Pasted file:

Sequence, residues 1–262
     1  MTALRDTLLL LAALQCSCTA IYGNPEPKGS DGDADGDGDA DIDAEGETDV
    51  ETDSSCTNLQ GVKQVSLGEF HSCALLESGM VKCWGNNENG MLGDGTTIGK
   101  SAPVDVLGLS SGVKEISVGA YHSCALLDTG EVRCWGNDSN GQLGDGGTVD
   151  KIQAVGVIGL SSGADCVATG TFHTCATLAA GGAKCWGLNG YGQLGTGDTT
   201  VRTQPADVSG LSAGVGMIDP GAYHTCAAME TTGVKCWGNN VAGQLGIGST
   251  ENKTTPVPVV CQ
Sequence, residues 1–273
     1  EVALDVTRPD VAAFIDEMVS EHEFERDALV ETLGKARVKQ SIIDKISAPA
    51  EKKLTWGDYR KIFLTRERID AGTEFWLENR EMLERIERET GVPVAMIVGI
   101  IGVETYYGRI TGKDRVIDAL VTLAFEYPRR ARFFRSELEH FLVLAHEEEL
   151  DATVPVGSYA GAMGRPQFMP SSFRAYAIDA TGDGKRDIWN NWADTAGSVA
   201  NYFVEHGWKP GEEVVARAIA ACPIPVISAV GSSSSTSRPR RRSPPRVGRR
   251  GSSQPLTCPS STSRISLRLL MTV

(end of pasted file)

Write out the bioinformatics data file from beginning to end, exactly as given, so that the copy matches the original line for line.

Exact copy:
Sequence, residues 1–262
     1  MTALRDTLLL LAALQCSCTA IYGNPEPKGS DGDADGDGDA DIDAEGETDV
    51  ETDSSCTNLQ GVKQVSLGEF HSCALLESGM VKCWGNNENG MLGDGTTIGK
   101  SAPVDVLGLS SGVKEISVGA YHSCALLDTG EVRCWGNDSN GQLGDGGTVD
   151  KIQAVGVIGL SSGADCVATG TFHTCATLAA GGAKCWGLNG YGQLGTGDTT
   201  VRTQPADVSG LSAGVGMIDP GAYHTCAAME TTGVKCWGNN VAGQLGIGST
   251  ENKTTPVPVV CQ
Sequence, residues 1–273
     1  EVALDVTRPD VAAFIDEMVS EHEFERDALV ETLGKARVKQ SIIDKISAPA
    51  EKKLTWGDYR KIFLTRERID AGTEFWLENR EMLERIERET GVPVAMIVGI
   101  IGVETYYGRI TGKDRVIDAL VTLAFEYPRR ARFFRSELEH FLVLAHEEEL
   151  DATVPVGSYA GAMGRPQFMP SSFRAYAIDA TGDGKRDIWN NWADTAGSVA
   201  NYFVEHGWKP GEEVVARAIA ACPIPVISAV GSSSSTSRPR RRSPPRVGRR
   251  GSSQPLTCPS STSRISLRLL MTV